One prominent Minnesota deer hunting organization voiced its support for the federal decision.

“[Minnesota Deer Hunters Association] is pleased that the Fish and Wildlife Service has delisted the gray wolf again. The wolf has met all recovery goals in Minnesota for decades and Minnesota DNR has shown that it can responsibly manage a wolf season,” stated Minnesota Deer Hunters Association President Denis Quarberg.

Minnesota wolf advocates joined national counterparts in criticizing the decision. They say removing federal protections could lead to inhumane treatment of wolves, disrupt pack dynamics resulting in a far larger impact than just hunting fatalities, and actually worsen human-wolf conflict.

“This political decision to remove federal Endangered Species Act protections for the wolf is against public sentiment, sound science, and will destroy our nation’s endangered species,” said Maureen Hackett, founder and president of Minnesota-based wolf advocacy group Howling For Wolves. “We need a nonlethal wolf plan and continued funding for prevention methods for farmers and ranchers to ensure an intact and healthy wolf population, because the wolf is vital for our ecology and the legacy of future Minnesotans.”

But elected representatives from Minnesota who represent areas with farming and wolves welcomed the decision.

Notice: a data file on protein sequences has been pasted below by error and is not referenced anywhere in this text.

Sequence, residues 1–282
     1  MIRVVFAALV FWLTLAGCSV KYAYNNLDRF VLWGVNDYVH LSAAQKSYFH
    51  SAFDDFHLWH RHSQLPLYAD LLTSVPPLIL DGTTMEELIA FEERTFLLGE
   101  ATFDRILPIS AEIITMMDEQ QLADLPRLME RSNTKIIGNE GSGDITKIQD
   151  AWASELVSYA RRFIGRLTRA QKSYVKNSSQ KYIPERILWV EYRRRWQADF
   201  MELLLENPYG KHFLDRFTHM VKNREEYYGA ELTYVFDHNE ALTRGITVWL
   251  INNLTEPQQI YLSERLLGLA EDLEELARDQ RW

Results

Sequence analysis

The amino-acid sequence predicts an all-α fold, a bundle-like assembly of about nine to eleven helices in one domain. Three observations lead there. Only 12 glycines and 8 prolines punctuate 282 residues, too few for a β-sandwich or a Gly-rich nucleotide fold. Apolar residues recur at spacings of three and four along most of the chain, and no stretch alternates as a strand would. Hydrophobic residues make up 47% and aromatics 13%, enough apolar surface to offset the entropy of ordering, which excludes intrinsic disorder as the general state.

“With Minnesota’s whitetail firearm season so close, this announcement could not have come at a better time, as empowering state agencies to responsibly manage the gray wolf will help to conserve our deer herd for generations while putting cattle farmers at ease,” said U.S. Representative Pete Stauber (MN-08).

Stauber’s district includes northeastern Minnesota, the heart of wolf country. U.S. Representative Collin Peterson (MN-07), a Democrat from western Minnesota, also said he supports the decision.

“For years, I have called for this change on behalf of livestock owners and rural communities in Minnesota,” Peterson said. “This final rule allows Minnesota to set rules and protections for gray wolves that are more responsive to the needs of local communities.”

A coalition of environmental groups said the decision should meet the same fate as previous attempts to take gray wolves off the Endangered Species List.

“Again and again the courts have rejected premature removal of wolf protections,” said Collette Adkins, Minnesota-based carnivore conservation director at the Center for Biological Diversity. “But instead of pursuing further wolf recovery, the Fish and Wildlife Service has just adopted its broadest, most destructive delisting rule yet.”

The final rule will be effective 60 days after publication in the Federal Register. The earliest it will take effect is Jan. 1, 2021. The U.S. Fish and Wildlife Service says it will monitor wolf populations for five years to “ensure the continued success of the species.”